So when a position became available working under the supervision of special education teacher Kathy Koop at the Hillsboro Elementary School, I was interested in applying for the job.

Long story short, the Marion County Special Education Coop hired me as a para-educator. I’ll be working with some of the youngest children at the elementary school and I’m looking forward to helping these kids get a good start on their road to learning.

From time to time I might come out of “cooking retirement” to help with one function or another, but right now I’m looking forward to hanging up my apron and putting on something that isn’t stained with tomato sauce or grease and going to work.

If I had any doubts about the new job, I was reassured I had made the right decision when I told my masseuse, Carolan McFarland, of the change in occupation. She let out an audible gasp and said something about how wonderful that would be for my shoulders and back. The heavy lifting and the repetitive motion of cooking in large quantities can really take its toll.

Maybe in time I’ll actually lose the pain I’ve been living with. The pain in my shoulder, I mean-not my husband.

(I need him around to finish the building project that, no, is not completed but will-I’m assured-be done by Christmas.)

So it’s a time for change around the Jost house. My kids will leave the elementary school and I will enter. I’ve met my teacher and the other staff members who will help to guide me through the next year; I’ve had a tour of the building and have learned the passwords that will allow me to enter the classroom computer.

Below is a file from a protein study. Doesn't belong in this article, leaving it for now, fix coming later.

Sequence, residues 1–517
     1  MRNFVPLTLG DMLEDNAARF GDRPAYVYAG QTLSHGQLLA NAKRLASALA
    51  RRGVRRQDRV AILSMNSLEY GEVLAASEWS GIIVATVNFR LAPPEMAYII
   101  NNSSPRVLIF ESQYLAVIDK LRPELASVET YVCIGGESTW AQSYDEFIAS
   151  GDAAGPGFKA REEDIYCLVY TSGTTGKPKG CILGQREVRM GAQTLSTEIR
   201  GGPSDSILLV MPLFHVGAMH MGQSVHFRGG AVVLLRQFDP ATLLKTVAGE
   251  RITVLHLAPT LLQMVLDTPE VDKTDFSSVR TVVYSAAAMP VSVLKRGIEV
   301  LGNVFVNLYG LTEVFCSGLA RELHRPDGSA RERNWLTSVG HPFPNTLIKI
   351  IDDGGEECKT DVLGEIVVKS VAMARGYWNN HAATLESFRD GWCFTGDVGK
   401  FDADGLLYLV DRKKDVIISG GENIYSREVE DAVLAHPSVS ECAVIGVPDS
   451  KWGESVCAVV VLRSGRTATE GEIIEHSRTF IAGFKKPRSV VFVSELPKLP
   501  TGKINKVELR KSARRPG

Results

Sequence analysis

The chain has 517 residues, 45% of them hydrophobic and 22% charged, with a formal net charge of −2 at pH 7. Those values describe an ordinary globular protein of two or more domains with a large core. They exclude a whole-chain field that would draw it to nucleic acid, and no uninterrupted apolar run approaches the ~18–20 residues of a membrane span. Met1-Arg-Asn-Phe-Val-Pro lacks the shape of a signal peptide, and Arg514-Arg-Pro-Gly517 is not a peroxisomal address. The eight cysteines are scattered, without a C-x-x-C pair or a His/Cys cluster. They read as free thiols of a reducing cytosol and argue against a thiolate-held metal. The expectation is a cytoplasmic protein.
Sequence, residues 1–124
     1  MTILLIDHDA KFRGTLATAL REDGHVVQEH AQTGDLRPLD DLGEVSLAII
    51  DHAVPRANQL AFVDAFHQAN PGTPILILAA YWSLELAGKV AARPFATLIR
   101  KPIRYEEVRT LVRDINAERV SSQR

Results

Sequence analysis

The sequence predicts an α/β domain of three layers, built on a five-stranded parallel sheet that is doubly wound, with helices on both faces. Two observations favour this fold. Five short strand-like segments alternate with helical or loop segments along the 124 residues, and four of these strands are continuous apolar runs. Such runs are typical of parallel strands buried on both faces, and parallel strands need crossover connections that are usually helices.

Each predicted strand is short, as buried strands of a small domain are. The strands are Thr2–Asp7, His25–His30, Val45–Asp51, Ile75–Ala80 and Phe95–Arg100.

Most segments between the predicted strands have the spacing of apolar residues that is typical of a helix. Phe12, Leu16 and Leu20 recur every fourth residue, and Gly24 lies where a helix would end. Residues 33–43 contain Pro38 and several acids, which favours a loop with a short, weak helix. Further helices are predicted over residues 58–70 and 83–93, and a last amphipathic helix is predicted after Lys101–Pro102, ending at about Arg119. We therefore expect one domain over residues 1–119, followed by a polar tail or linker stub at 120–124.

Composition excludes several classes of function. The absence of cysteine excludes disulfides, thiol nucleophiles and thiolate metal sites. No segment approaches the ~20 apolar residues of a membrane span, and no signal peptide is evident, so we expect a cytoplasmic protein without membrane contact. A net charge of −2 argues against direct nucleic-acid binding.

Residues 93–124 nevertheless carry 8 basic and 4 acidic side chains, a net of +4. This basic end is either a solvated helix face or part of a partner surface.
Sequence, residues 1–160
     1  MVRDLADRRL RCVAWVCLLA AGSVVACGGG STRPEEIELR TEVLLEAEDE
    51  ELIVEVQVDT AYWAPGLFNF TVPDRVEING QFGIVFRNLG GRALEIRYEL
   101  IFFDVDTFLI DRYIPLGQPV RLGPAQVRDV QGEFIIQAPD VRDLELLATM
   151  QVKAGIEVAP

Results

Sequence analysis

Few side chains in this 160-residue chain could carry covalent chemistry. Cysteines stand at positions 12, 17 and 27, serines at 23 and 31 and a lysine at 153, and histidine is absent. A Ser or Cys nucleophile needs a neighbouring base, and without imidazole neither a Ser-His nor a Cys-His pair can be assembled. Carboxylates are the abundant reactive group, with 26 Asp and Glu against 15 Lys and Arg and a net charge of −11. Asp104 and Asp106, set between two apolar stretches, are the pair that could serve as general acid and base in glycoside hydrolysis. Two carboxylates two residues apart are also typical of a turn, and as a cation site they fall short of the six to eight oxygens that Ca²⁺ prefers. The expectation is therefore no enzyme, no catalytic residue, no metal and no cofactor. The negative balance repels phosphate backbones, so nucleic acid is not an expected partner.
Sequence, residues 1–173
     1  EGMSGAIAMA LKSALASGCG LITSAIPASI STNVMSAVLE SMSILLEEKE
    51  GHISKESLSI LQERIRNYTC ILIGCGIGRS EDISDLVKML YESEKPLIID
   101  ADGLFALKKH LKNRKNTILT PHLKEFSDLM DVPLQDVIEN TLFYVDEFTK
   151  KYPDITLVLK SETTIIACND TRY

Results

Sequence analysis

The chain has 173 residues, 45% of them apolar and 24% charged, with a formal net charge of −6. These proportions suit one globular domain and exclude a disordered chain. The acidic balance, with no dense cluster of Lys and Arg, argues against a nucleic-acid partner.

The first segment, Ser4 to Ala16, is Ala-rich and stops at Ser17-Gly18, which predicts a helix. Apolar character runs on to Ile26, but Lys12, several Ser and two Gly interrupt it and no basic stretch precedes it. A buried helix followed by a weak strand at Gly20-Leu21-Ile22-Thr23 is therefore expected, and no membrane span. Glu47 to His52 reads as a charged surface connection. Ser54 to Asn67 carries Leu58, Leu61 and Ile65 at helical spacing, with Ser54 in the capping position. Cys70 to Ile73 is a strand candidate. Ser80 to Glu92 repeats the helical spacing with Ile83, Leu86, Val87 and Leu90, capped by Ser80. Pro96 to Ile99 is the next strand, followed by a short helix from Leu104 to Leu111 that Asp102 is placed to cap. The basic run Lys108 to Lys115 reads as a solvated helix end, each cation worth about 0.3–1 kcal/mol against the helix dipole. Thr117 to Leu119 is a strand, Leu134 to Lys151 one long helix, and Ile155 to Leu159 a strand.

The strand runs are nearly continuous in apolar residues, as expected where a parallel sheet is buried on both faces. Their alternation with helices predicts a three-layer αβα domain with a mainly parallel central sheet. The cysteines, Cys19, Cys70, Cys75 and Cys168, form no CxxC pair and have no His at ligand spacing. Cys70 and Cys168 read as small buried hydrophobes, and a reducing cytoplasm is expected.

My principal, Pat Call, has made every effort to make the transition from home to elementary school as simple and as welcoming as possible and the cafeteria’s menu has been studied and approved.

They aren’t serving peas at the elementary school this week.

* * *

Even though I’ll be working every day, I’ll still be at home when my kids leave for school in the morning and on most days I’ll be able to beat the bus home in the afternoons. It will be interesting to see what changes this new job will bring for our family, but one thing isn’t going to change. I’ll still be here every week with stories and perspectives that I want to share with you.

So, get the cookies and milk ready, Mommy. We’re going back to school.

Caramel Walnut Brownies

1 (14 oz.) package caramels

2/3 cup evaporated milk, divided

1 package caramel flavored cake mix (Duncan Hines makes one)

3/4 cup butter, melted

2 tsp. vanilla

3/4 tsp. cinnamon

11/2 cups chopped walnuts

Unwrap caramels (duh) and melt together with one-third cup evaporated milk. Combine remaining milk, the cake mix, butter, cinnamon and vanilla. Spread half the dough into greased nine-inch pan. Bake at 350 degrees for 10 minutes. Cool for five minutes.

When crust is cooled, pour caramel mixture over brownie layer. Sprinkle with nuts. Divide remaining dough into nine portions patting each into three-inch circles. Place circles over walnuts. Bake at 350 for 25 minutes. Cool and then cover and chill before cutting. Makes 15 brownies.